Having the biggest save total of all time isn’t like the Home Run crown, or getting 300 wins or 3,000 hits. It’s not an automatic punched ticket to Cooperstown.

Jeff Reardon passed Rollie Fingers to be the All TIme Saves leader as a member of the 1992 Red Sox. Reardon is not a Hall of Famer.

Lee Smith passed Reardon. He’s not in the Hall either.

When the two were teammates briefly with the 1990 Red Sox, it wasn’t considered to be a meeting of All Time greats.

The fourth most saves in history belong to John Franco.

I don’t think even the biggest Met fans I know consider him to be a Hall of Famer.

This isn’t a slam on Franco, Reardon nor Smith. I was a fan of both. And Reardon actually DID have the great post season highlight of clinching a World Series (with the 1987 Twins.)

But neither were considered to be All Time Great difference making closers… like Gossage… or Fingers… or Eckersley… or Sutter… or even Hoyt Wilhelm.

They got a lot of saves for a lot of years and did so around the time that the closer became a one inning specialist. They stayed healthy for a long time and had solid careers… but did they change the dynamic of the game? Did managers manage differently knowing they were coming out of the pen like they do with Rivera?

I put Hoffman in the same category with Smith, Reardon and Franco… terrific career but as I wrote before, falls short of Cooperstown.

Saves are nice but not always a great barometer of greatness. Don’t believe me?

Jose Mesa has more career saves than Goose Gossage. Who would you rather have in a big game? Hell, who would you rather have in a SMALL game?

But if saves are the short hand standard of a reliever’s worth, it would be nice to see the All Time Saves leader be a Hall of Famer.

And when Mariano Rivera passes Trevor Hoffman some time next season, it will be so.

Follow sullybaseball on Twitter

Are the Red Sox REALLY going to make us sweat out EVERY WIN?

I guess so.

My kingdom for a blow out win!

Seriously… can we have ONE WIN this year where I can be relaxed and maybe give the regulars half a day off?

I mean don’t get me wrong, I LOVE that the Red Sox have gone 7-2 since they hit bottom after the 4 game sweep by the Rays.

I love that their bats picked up Beckett, that Buchholz and Lester picked up the bullpen and that Darnell McDonald picked up the entire team, including going 2-3 with an RBI tonight.

I love that despite all the turmoil, injuries and lousy starts, the Red Sox can still finish April with a winning record if they can beat Baltimore on Friday night.

But MAN, I could use a relaxing win and not a game that has me fidgeting and checking the score like a crazed addict!

Oh well… time to update the board.


April 4 – 9-7 win against Yankees (On Opening Night, the Red Sox overcome a 5-1 Yankee lead with a game tying HR by Pedroia and a go ahead passed ball.)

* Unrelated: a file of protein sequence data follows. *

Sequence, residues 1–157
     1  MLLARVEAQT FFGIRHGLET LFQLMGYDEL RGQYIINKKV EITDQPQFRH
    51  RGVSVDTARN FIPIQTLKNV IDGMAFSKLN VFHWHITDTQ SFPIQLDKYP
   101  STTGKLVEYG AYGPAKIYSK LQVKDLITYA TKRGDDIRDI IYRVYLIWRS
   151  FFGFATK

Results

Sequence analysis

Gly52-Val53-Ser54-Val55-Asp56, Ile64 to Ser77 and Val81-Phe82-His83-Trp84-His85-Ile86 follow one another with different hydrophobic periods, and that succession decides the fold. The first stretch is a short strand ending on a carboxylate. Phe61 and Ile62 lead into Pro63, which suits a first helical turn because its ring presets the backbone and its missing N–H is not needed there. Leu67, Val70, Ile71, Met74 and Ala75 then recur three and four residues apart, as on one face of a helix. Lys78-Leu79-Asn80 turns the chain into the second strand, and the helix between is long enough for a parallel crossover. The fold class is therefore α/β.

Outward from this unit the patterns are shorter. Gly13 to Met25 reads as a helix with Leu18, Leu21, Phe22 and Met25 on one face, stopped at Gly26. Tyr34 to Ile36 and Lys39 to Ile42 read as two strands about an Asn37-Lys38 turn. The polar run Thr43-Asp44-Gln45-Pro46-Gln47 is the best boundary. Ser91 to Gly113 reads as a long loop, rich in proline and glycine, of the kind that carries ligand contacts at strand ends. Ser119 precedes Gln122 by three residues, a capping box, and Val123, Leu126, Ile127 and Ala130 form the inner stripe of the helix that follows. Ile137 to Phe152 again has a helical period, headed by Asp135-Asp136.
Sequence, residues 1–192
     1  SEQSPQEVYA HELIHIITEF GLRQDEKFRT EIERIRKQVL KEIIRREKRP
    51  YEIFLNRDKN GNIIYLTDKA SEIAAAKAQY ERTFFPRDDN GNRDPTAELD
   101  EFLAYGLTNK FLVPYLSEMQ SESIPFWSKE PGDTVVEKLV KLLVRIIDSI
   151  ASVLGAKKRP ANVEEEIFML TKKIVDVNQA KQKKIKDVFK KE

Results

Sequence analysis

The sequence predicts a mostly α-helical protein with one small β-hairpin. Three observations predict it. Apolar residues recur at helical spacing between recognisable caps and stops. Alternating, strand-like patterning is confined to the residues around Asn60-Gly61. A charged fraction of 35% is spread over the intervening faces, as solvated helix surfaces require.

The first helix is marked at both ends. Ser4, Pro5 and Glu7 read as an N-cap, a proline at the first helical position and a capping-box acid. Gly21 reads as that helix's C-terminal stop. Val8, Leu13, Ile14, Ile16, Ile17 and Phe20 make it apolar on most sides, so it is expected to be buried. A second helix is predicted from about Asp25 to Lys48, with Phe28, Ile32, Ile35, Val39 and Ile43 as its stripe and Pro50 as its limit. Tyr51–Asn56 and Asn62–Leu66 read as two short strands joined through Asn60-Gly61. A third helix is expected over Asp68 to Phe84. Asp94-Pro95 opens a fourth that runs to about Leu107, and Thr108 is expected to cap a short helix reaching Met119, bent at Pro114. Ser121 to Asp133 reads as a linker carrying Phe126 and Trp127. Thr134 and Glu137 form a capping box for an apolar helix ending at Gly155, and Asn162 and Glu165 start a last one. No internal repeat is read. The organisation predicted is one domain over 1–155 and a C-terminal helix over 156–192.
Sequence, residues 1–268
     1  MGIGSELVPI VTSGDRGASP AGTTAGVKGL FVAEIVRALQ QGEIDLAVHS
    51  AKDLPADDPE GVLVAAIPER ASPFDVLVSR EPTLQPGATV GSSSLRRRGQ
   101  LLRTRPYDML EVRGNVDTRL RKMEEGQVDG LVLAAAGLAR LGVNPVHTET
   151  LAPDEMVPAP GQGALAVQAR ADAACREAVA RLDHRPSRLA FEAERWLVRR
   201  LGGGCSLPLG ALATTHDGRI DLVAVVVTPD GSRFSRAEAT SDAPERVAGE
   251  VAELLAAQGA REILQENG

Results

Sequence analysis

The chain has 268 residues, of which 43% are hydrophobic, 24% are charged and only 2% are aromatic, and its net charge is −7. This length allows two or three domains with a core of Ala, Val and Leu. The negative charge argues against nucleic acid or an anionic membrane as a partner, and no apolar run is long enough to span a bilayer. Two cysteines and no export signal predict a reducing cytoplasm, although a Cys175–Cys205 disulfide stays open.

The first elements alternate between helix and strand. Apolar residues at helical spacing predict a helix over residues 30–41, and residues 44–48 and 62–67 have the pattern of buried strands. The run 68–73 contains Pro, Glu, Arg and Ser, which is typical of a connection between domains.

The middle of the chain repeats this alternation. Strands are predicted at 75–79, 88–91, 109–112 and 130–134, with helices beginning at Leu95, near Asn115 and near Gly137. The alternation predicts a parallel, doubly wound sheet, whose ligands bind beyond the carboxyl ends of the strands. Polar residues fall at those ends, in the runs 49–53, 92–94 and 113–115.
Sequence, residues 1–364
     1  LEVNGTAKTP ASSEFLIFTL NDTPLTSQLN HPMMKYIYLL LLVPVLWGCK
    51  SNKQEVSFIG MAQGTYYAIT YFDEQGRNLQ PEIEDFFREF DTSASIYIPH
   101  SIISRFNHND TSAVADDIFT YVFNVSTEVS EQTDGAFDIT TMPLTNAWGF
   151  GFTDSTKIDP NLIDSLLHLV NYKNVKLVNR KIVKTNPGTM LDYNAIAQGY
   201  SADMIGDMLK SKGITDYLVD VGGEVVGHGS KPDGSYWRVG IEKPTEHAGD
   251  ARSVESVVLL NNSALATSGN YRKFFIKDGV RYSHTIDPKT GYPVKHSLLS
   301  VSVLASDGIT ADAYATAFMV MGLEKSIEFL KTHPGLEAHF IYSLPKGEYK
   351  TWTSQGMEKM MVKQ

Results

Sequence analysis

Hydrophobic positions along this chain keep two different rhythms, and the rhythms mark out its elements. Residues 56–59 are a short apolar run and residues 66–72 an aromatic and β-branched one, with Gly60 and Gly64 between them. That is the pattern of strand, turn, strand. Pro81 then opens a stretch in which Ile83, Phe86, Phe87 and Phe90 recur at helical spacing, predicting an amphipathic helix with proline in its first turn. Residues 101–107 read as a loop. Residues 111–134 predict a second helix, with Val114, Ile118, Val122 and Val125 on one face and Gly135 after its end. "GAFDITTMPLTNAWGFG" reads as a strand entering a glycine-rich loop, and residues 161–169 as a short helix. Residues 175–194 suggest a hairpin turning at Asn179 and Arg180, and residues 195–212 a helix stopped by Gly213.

April 10 – 8-3 win against Kansas City (Beckett out pitches Zack Greinke and nearly gets decapitated by a line drive.)
April 14 – 6-3 win in Minnesota. (Okajima gets Morneau to pop up with the bases loaded in the 7th and Papelbon wiggled out of a 9th inning jam.)
April 20 – 7-6 win against Texas. (Darnell McDonald introduces himself to Boston with an 8th inning game tying homer and a walk off hit in the 9th.)
April 21 – 8-7 win against Texas. (The Red Sox were down 4-0 early only to win it on Youk’s 2 out 11th inning double.)
April 23 – 4-3 win against Baltimore. (The Sox blow a 3-0 lead but win it on Adrian Beltre’s bases loaded walk.)
April 24 – 7-6 win against Baltimore. (The Red Sox score 6 in the 7th and hold off a late Baltimore comeback attempt.)
April 26 – 13-12 win at Toronto. (The Sox blow an early 5-0 lead but hang on for dear life in a slugfest.)
April 27 – 2-1 win at Toronto. (Buchholz holds the Jays down for 8 but it takes a bases loaded walk in the 8th to go ahead.)
April 28 – 2-0 win at Toronto. (Daniel Bard wiggles out of trouble in the 8th to help Lester shut down the Blue Jays and finish the sweep.)

April 6 – 6-4 loss against the Yankees. (Scutaro’s error leads to the winning run.)
April 7 – 3-1 loss against the Yankees. (Sox leave the winning run on in the 9th only to lose on Granderson’s 10th inning homer)
April 9 – 4-3 loss in Kansas City. (Bard coughs up the lead, denying Wakefield a win.)
April 17 – 3-1 loss to Tampa Bay. (The Sox can’t score with the bases loaded and nobody out in the 11th… lost it in the 12th.)
April 17 – 6-5 loss to Tampa Bay. (The Red Sox comeback falls a run short, leaving two on in the 8th)
April 25 – 7-6 loss to Baltimore. (The Sox blow a 4-1 lead, leave the winning run on second in the 9th, let up 3 in the 10th and could only score 2 in the bottom of the 10th)

+4 with a .500 record.

Now on to Baltimore, which is always good for the ole win/loss record

Follow sullybaseball on Twitter